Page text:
“We’re not asking customers to get rid of their current self-service kiosks and buy new ones, but rather upgrade by adding the voice layer with our SDK solution. You can get the SDK, work with our development team, and deploy voice AI ready solutions very easily,” Al-Tahan explains.

Sodaclick’s AI Voice SDK brings conversational AI to digital signage touchscreens by integrating with onboard HTML or JavaScript code. It also helps overcome ASR challenges like background noise.

Sodaclick offers the SDK with support for more than 85 languages through its partners like Arrow Electronics, an Intel® Solutions Aggregator. With all the components of an immersive kiosk, the Healthcare Voice AI Assistant can identify event triggers and convey custom voice messages in real time.

Aside from the SDK, the Voice AI Assistant can include:

  • An HTML5 content creation platform based on a cloud graphics editor that lets hospitals create complex slides using rich fonts, animations, and external data sources without writing any code.
  • A digital-signage system outfitted with an Intel® Core i5 processor with 16 GB of RAM, microphone and speaker arrays, and a proximity sensor for detecting approaching users.
  • A front-end application that supports omnichannel inputs and integrates with databases using APIs.
  • A voice AI service that hosts all speech services in the cloud and delivers fully private, HIPAA- and GDPR-compliant outputs back to the cloud.

The Sodaclick content creation platform allows visual display content to be created and updated on the target kiosk in real time. And the AI Voice SDK integration with the front-end application helps support connections with the voice AI service and patient check-in databases for a seamless user experience.

Of course, one of the greatest concerns of healthcare officials considering new technologies is security and data privacy. These also happen to be one of the greatest strengths of the Healthcare Voice AI Assistant.

The entire system is based on a containerized Docker architecture, which keeps applications and data segregated from each other. It doesn’t record or log any data, but rather pushes requests and responses across a microservices architecture using the Intel Edge Software Hub.

With built-in considerations for security, connectivity, and latency, the Edge Software Hub helps keep operations flowing and reduces the risk of compromise by orchestrating data flows on private servers behind hospital firewalls.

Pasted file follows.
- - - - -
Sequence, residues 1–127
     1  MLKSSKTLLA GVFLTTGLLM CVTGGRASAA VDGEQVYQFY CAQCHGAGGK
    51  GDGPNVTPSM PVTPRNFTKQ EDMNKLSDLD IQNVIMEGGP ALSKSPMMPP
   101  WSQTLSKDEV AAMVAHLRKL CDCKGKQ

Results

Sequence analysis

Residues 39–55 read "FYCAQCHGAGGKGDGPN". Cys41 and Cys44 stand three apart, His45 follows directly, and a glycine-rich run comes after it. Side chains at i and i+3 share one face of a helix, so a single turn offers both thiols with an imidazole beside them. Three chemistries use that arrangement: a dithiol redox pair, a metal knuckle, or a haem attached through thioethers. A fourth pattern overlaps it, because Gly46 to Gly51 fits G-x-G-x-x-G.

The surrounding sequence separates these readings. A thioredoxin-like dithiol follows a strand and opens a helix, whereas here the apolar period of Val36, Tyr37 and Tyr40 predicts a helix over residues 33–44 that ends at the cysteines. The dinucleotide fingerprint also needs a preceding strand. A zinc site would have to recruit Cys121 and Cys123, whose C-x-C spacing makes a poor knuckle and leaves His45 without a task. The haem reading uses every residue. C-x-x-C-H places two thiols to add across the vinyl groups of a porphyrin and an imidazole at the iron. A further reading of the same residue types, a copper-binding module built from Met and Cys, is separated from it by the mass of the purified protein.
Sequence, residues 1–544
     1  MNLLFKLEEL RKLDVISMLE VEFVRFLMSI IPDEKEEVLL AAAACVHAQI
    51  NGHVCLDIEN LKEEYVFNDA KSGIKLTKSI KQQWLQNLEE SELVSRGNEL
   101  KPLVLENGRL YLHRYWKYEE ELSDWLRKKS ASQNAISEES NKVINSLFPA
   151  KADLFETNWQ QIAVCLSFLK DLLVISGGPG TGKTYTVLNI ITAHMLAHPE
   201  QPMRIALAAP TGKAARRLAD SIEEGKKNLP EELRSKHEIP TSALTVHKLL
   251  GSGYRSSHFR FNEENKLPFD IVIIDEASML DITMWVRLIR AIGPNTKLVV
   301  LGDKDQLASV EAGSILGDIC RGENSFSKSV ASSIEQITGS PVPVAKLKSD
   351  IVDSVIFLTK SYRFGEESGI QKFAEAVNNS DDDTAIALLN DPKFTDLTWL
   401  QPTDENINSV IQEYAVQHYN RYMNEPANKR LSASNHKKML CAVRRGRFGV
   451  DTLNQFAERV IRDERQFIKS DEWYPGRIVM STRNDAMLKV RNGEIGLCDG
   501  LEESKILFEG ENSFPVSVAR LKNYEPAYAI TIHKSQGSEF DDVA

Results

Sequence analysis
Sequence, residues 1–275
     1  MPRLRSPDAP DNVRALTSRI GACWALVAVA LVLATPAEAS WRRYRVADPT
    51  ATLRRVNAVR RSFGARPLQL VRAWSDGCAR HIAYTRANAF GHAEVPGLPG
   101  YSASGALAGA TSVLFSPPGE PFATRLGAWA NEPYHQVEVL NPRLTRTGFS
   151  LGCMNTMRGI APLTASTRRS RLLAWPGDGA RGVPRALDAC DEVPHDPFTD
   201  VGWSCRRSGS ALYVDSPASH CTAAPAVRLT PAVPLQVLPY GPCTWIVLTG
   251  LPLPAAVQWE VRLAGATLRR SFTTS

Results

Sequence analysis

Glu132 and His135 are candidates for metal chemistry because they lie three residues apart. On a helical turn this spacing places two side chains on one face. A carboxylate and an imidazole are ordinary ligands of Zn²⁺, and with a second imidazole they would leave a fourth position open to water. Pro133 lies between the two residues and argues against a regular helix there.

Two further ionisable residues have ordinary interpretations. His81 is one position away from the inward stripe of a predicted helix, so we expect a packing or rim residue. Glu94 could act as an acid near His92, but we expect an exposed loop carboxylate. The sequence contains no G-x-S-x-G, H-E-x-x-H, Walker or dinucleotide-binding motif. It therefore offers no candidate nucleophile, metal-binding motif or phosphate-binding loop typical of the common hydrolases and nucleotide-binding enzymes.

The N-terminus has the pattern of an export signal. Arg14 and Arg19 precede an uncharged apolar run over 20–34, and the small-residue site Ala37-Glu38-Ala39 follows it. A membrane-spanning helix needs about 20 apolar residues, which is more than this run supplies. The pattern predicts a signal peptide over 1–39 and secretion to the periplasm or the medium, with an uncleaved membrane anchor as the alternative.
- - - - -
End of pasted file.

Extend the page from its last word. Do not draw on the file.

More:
Conversational AI at Your Service

The healthcare space is just one market where Sodaclick’s Voice SDK is already in operation. Grocery stores and quick-service restaurants are also leveraging the technology, an indication that conversational AI is already penetrating entire swaths of everyday life.

With health consciousness on the rise and changing work preferences, you’ll probably be serving yourself more often. But don’t worry, you’ll have help from talking kiosks.

“Voice is the future. And we will be seeing a lot more deployments in all sorts of settings. Everyone’s just been scratching at the surface till now,” says Al-Tahan.

 

This article was edited by Christina Cardoza, Associate Editorial Director of insight.tech.

About the Author

Brandon brings more than a decade of high-tech journalism and media experience to his current role as Editor-in-Chief of the electronics engineering publication Embedded Computing Design. His coverage focuses on artificial intelligence and machine learning, the Internet of Things, cybersecurity, embedded processors, edge computing, prototyping kits, and safety-critical systems, but extends to any topic of interest to the electronic design community. Brandon leads interactive YouTube communities around platforms like the Embedded Toolbox video interview series and Dev Kit Weekly hardware reviews, and co-hosts the Embedded Insiders Podcast. Drop him a line at brandon.lewis@opensysmedia.com or DM him on Twitter @techielew.

Profile Photo of Brandon Lewis